One of the biggest problems with using natural gas is its very low density. This means that a large tank is required to contain the gas.
Nonetheless, CNG is a much safer fuel than gasoline or diesel. Any gas leaks at filling stations or due to road accidents quickly dissipate in the atmosphere, rather than exploding or catching fire. The gas is available at numerous outlets across the states, being supplied as compressed natural gas (CNG).
The safety measures in place at filling stations include a sealed filling system at the pump nozzle and automatic cut-off if the hose should burst.
The cylindrical gas tank is designed to withstand the 3000lbs/square inch pressure of the CNG and is usually located in the boot/trunk of the vehicle, with the diesel fuel oil tank being kept in its original location.
Dual fuel conversion then consists of the installation of a cylindrical pressure tank and high pressure piping from there to the engine diesel/gas control unit.
In addition to solenoid valves, diesel modulator, high/low pressure gas filters and other small components, the following major engine components are required.
- Dual-Fuel Electronic Control Unit – the ECU
The ECU sends high speed wide pulse modulated signals to the natural gas and diesel injectors. The component bases this on constant measurements of the air manifold pressure and temperature along with gas pressure and temperature.
The unit controls the supply of dual fuel to the engine ensuring optimum fuel control, which is usually 8% diesel combined with 92% natural gas. This ensures maximum fuel efficiency along with lowest possible emissions of CO2.
Most modern ECU’s can also control the “knock" from dual fuel engines by automatically altering the combustion air/gas ratio. In the event of gas supply malfunction, the ECU will shut the gas system down and revert to 100% diesel supply.
- Turbo-Charger Air Bypass (TAB)
The TAB unit is required to control the amount of air provided by the turbo-charger. It achieves this through a bypass valve, usually of butterfly design.
Operation of a Diesel/Natural Gas Dual Fuel Engine
When a diesel engine is converted to run on natural gas as a dual fuel engine it operates in much the same manner as the original diesel engine, changing over to gas/diesel mix when optimum engine operating temperatures are reached.
The operation of a typical dual fuel 4-stroke diesel/natural gas engine is examined below;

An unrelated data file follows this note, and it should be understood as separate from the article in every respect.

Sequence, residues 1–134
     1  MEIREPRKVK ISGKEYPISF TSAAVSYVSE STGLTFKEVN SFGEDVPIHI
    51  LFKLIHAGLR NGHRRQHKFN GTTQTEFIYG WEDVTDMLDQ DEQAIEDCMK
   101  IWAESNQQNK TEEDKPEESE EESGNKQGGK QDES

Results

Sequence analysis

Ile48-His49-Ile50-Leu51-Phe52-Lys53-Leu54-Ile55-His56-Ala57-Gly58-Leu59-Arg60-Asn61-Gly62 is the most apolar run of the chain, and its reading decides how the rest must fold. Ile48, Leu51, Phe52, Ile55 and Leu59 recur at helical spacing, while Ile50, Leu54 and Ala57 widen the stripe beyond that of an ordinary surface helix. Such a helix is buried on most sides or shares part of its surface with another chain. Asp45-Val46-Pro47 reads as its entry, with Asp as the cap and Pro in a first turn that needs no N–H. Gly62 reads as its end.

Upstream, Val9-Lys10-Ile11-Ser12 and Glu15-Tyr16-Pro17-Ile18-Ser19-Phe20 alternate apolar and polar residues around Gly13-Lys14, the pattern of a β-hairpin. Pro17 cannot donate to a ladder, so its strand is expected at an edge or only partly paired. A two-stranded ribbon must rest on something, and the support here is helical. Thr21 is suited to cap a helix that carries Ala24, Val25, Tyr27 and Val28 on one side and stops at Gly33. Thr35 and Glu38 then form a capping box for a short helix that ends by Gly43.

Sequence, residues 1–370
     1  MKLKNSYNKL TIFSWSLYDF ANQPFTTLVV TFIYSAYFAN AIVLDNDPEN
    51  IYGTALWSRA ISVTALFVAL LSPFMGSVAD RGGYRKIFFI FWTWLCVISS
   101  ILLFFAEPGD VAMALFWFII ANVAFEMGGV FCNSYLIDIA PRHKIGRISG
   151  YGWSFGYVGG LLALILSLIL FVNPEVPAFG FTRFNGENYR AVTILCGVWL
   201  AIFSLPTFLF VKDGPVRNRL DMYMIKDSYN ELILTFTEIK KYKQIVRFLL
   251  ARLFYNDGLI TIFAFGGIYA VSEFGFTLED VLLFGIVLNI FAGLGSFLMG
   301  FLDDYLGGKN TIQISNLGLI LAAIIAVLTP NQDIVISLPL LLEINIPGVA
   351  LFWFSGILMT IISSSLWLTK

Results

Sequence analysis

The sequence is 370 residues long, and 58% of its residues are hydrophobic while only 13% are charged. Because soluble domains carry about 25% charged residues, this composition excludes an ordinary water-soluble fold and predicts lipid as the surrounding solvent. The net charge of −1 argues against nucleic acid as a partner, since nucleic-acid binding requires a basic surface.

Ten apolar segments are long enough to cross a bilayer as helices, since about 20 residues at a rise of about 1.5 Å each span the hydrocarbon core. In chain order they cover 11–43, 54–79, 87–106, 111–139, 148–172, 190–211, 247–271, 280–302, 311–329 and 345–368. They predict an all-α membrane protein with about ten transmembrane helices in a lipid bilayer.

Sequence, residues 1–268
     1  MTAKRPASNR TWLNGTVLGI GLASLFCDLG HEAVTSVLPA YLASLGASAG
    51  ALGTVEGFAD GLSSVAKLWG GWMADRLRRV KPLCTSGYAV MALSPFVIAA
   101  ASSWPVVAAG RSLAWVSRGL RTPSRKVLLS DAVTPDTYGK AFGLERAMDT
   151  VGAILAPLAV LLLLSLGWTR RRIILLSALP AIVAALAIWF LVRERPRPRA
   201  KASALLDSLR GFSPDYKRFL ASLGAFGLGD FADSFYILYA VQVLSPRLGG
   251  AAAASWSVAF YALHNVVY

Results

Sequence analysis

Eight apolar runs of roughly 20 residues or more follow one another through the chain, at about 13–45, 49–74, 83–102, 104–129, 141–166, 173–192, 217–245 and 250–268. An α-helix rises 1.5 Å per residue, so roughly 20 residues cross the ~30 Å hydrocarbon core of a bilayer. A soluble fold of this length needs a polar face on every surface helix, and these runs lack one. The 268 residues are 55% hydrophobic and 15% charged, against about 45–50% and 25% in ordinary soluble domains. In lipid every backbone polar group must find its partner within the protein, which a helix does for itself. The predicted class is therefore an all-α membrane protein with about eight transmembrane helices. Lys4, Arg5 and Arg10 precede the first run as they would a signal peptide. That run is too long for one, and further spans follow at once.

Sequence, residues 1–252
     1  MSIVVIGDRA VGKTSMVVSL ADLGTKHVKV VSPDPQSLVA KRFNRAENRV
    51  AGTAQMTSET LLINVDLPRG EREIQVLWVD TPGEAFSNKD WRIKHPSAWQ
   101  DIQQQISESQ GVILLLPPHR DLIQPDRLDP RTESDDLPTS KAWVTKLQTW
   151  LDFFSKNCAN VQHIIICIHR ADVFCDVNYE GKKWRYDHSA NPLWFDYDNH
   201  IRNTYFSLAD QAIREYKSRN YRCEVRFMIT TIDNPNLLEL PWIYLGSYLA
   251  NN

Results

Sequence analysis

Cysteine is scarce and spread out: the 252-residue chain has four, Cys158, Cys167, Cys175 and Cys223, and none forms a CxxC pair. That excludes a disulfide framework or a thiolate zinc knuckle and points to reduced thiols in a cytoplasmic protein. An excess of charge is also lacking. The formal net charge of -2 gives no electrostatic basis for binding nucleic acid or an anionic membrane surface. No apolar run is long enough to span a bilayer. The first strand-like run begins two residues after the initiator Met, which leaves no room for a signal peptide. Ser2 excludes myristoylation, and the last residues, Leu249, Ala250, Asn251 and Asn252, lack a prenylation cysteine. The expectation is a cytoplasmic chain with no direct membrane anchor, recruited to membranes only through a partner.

1. Intake Stroke.
As the piston descends down the cylinder, a measured amount of gas is injected into the air inlet manifold and is sucked into the cylinder as a gas/air mixture.
2. Compression Stroke.
The piston continues on down until it reaches BDC; it then rises back up the cylinder, compressing the gas/air and raising its temperature. Just before TDC a measured amount of diesel oil (pilot diesel) is injected into the combustion chamber.
3. Power Stroke.
The small amount of diesel ignites into hundreds of little sparks due to compression combustion. This in turn sets off the combustion of natural gas that powers the piston back down the cylinder.
4. Exhaust Stroke
The piston returns again to BDC and, as it begins to rise up the cylinder, the exhaust valve opens expelling the exhaust gasses into the turbo-charger inlet turbine, thus completing the 4-stroke cycle.
The 4-stroke cycle of a dual fuel engine is shown below.
Converting a diesel engine to a dual fuel engine incorporating natural gas is becoming more popular in the transport sector.
The gas will not self-combust and needs a small injection of pilot diesel to provide an ignition source through compression ignition.
A big drawback to conversion of the diesel engine to run on natural gas is the addition of a large high-pressure gas tank; this takes up most of the space in the automobile’s trunk.
Nonetheless, there are several benefits of dual fuel engines in that they are more efficient, produce less CO2 emissions, and run on 90% natural gas. Natural gas is much more abundant worldwide than crude oil from which diesel oil is refined.